This is an invitation to revisit two sublimely beautiful and meaningful pieces of Elgar’s music. One is mostly misunderstood, while the other is uniquely revelatory.
First is “Nimrod” from his ‘Enigma Variations’. Let’s un-attach it, briefly, from the November Cenotaph observance, where It seems ‘custom-built’ to fit the remembrance of Great Britain’s part in two World Wars, at the cost of more than a million deaths of servicemen and women. It’s thereby become associated with war, grief and loss, with a gradual rise to a fortissimo climax which transcends that suffering, and honours the self-sacrifice of so many, before instantly quietening to a concluding pianissimo. This, however, is far removed from the music’s original meaning.
Elgar’s variations portray various friends, mostly identified by their initials, one exception being “Nimrod”, the name of a Biblical ‘mighty hunter’. Hunter is ‘Jaeger’ in German, and August Jaeger was one of Elgar’s closest and deepest friends. Both men were able to be totally themselves with one another, sharing positive and negative thoughts and feelings without fear of misunderstanding or disapproval. “Nimrod”, then, expresses the unconditional love, acceptance and support that people can grow to experience from one another. So I invite you, for a moment, to lay aside its association with war and death, and re-listen to this piece of music as one of the greatest love songs ever written. If you have, or have had, such a relationship, re-experience and celebrate it here and now …..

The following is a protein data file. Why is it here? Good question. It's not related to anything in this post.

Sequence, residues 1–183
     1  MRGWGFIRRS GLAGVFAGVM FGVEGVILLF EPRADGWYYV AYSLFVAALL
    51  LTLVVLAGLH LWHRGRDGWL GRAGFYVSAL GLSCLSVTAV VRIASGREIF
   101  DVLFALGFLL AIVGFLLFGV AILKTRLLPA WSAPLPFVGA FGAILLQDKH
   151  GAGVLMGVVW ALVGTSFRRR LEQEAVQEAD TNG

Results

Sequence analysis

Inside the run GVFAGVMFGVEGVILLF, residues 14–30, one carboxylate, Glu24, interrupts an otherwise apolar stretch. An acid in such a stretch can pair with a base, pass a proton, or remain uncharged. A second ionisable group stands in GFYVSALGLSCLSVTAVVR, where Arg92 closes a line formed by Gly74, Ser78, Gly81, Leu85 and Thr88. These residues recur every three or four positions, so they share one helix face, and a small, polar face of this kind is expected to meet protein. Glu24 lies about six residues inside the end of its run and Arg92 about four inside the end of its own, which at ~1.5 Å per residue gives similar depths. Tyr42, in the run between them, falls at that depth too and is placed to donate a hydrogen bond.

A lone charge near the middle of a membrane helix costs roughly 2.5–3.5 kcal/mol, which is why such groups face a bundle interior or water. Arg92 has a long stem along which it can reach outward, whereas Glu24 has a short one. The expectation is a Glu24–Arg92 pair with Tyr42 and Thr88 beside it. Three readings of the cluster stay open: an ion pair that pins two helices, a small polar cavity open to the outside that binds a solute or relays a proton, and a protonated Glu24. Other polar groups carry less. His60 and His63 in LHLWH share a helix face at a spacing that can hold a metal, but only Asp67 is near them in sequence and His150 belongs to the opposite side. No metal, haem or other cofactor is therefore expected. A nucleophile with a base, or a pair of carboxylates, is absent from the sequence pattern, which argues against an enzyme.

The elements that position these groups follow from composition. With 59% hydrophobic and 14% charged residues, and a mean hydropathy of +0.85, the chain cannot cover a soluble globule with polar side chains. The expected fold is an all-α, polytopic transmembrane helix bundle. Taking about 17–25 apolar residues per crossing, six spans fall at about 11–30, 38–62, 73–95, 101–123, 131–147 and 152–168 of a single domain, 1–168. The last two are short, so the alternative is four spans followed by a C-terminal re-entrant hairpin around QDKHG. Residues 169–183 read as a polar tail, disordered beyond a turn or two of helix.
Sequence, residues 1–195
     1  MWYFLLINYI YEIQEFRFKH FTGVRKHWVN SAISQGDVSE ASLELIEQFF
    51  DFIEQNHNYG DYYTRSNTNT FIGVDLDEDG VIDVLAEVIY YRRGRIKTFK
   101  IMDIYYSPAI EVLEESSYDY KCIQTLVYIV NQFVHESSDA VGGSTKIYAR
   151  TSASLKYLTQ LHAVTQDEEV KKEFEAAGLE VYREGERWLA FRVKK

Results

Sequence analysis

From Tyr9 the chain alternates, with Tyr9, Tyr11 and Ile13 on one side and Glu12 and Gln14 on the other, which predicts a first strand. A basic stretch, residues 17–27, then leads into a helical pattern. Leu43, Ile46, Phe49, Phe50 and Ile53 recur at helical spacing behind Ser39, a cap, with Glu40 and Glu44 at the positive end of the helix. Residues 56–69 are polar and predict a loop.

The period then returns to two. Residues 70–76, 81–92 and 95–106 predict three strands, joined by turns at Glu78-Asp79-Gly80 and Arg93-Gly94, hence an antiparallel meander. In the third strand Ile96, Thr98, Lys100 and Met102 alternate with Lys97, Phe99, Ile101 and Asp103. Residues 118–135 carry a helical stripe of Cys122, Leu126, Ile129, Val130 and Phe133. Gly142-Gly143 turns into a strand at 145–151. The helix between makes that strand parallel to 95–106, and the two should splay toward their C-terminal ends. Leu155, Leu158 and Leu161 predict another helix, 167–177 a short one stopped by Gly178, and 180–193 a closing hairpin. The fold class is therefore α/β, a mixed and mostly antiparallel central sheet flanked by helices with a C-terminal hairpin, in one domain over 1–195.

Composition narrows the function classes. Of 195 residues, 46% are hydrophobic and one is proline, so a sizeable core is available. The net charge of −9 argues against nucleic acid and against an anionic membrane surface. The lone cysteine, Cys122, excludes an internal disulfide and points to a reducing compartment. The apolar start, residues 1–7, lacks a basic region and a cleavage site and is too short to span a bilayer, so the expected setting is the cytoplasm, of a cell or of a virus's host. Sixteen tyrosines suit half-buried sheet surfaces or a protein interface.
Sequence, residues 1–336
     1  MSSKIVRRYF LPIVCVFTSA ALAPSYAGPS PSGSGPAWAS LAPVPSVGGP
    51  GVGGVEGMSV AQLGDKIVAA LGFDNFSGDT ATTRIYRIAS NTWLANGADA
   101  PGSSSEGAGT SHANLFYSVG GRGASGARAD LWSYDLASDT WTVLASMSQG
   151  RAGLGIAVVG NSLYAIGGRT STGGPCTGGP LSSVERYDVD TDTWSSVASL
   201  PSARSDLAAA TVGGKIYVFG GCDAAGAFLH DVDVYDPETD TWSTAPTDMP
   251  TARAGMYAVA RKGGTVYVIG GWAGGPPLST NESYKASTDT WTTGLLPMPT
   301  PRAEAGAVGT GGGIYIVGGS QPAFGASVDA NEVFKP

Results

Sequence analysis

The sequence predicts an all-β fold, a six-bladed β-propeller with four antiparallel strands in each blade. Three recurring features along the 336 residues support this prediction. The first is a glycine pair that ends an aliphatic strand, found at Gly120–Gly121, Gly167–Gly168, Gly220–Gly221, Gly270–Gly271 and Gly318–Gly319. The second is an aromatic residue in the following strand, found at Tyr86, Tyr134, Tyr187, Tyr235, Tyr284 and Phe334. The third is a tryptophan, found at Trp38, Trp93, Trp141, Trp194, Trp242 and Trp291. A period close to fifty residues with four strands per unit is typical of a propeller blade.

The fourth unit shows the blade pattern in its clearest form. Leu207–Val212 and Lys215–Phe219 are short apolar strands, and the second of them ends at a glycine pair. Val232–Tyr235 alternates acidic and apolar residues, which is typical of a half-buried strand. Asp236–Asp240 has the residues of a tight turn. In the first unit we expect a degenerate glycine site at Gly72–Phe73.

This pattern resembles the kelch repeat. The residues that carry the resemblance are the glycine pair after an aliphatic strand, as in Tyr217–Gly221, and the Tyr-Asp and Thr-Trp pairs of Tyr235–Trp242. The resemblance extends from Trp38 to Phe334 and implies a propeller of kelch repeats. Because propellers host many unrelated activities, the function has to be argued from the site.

The other piece is “Sospiri” (Sighs), which Elgar regretted having written, not because it was second-rate (it isn’t) but because in it, he felt he had ‘given too much away’. Sir Edward paid much attention to his public image. The carefully posed photo above suggests a highborn gentleman, successful and self-assured, a model of traditional morality and patriotic support for the British monarch and empire, a knight of the realm. And he did write several ‘sacred’ Oratorios, as well as ‘Pomp and Circumstance’ and other ‘Imperial’ marches. In reality, he experienced the ongoing insecurity and self-doubt of an ‘outsider’. His family origins were humble; he was a Catholic in a staunchly Anglican England; and had no academic musical qualifications.
His projected images had much to do with compensation and ‘cover-up’. He married ‘above himself’ to an older woman with ‘connections’, who gave him self-less support, but on whom he ‘cheated’ with various others. There’s even evidence that he fathered a child with one of them (https://theartsdesk.com/classical-music/elgars-enigma-love-child-named-pearl). Among her papers, his late wife left a heart-breaking poem lamenting his betrayals (note the change at line 6) ….
Elgar seems to have lived a variety of lives, which inevitably clashed with psychological, emotional, relational and musical repercussions. Here, however, is a piece of music with no ‘pomp and circumstance’, nor any effort to impress. It’s heart on sleeve, quietly telling to whoever has ears, how things were, within his troubled soul …..